How to Use High Moves to Play Blues on the Guitar

You can play moves on the higher strings. These guitar strings often involve the same notes played on the lower strings (the fifth and sixth of the chord featured in the Jimmy Reed move —), but when played up high, it sounds more like a riff than a chord figure.

That creates a bridge between chord figures and riffs and licks. Think of these new, higher moves as chord forms added to your basic eighth-note strumming. As you play these added chords, notice that the sound produces a melodic motif.

Here is the first high-note move in the key of E. The two added chords are E7 chords with your 4th finger of the left hand playing notes on the 2nd string.

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Now add two chords to the A7 chord sequence. The notes are the same relative ones you added to the E7 chord — the sixth and the seventh. Check out the fingering with the added notes played by the 4th finger of the left hand.

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For the B7 chord, the 4th finger again plays the added note, but because the finger is already in place — on the 2nd fret, 1st string — you must move it up to the 3rd fret briefly. This may seem a bit awkward at first, and the stretch between your 4th and 3rd fingers may take a while to get smoothly, but it will come in time.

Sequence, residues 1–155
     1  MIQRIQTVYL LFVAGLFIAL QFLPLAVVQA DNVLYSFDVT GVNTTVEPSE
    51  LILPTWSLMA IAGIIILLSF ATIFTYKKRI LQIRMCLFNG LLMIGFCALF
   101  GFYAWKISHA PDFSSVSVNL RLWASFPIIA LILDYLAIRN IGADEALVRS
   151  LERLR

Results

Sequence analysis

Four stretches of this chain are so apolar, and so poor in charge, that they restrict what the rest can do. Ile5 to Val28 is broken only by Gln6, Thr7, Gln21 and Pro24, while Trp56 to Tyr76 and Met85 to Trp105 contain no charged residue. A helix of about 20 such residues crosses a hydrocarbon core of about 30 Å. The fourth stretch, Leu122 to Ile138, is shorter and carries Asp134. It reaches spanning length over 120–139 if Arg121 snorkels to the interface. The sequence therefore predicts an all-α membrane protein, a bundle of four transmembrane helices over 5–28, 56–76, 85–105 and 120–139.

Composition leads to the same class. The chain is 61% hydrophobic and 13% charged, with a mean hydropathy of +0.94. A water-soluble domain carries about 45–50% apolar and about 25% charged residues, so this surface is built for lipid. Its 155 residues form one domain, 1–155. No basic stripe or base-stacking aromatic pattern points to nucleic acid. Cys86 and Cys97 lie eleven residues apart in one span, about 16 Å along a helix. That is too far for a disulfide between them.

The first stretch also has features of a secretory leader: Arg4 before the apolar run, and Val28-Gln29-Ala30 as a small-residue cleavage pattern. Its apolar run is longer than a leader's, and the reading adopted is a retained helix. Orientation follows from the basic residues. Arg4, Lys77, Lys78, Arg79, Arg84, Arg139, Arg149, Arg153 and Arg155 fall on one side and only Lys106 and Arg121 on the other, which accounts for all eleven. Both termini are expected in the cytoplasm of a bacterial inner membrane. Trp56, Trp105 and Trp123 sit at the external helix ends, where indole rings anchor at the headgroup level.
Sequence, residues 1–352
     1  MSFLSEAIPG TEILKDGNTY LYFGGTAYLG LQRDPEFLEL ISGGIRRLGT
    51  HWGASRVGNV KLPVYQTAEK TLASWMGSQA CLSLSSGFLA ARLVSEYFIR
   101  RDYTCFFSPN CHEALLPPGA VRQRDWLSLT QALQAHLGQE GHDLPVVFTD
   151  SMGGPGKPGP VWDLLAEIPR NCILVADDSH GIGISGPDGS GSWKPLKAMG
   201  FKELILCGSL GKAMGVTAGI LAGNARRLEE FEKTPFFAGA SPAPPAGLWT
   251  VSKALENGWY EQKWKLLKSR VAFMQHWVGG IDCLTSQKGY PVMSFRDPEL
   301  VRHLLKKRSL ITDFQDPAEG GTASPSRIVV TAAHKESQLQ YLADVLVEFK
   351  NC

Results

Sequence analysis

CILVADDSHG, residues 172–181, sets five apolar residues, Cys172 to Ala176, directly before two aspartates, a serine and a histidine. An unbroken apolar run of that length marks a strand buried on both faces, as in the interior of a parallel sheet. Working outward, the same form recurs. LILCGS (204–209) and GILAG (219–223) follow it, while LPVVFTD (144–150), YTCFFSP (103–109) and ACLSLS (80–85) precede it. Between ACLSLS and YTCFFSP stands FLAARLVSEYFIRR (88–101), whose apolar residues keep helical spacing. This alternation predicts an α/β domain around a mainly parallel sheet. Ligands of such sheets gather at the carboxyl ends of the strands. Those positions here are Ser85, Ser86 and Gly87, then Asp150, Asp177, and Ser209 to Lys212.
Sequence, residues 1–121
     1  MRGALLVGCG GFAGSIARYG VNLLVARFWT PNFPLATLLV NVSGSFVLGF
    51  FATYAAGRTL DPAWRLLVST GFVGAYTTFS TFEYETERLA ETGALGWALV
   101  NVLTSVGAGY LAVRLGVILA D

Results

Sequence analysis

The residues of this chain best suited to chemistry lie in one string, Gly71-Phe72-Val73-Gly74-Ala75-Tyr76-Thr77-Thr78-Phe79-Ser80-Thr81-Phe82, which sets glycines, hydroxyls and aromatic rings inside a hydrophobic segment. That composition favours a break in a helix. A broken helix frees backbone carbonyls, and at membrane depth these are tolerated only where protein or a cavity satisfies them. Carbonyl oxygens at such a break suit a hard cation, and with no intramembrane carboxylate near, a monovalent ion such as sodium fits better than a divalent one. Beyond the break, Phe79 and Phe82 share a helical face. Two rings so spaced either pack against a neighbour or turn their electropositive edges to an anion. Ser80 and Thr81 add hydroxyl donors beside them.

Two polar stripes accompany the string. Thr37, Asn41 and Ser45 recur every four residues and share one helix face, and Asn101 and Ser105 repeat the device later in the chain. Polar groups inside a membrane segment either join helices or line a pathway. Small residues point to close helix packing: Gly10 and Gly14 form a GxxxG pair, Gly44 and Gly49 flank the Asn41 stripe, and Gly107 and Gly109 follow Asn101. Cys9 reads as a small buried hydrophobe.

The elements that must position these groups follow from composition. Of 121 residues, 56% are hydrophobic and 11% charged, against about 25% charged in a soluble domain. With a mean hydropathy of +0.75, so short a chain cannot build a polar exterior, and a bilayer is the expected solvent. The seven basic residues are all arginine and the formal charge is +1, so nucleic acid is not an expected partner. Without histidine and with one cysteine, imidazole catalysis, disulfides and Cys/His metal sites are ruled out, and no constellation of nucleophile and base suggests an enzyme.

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This shows all three moves in a 12-bar blues. If some of the moves seem difficult, or come too fast, try leaving them out at first. As long as you don’t break the rhythm in your right hand and you change left-hand chords where you’re supposed to, the blues still sound fine.

That’s the beauty of the blues: You can play any variation on the basic structure — from simple to complex — and it always sounds good!

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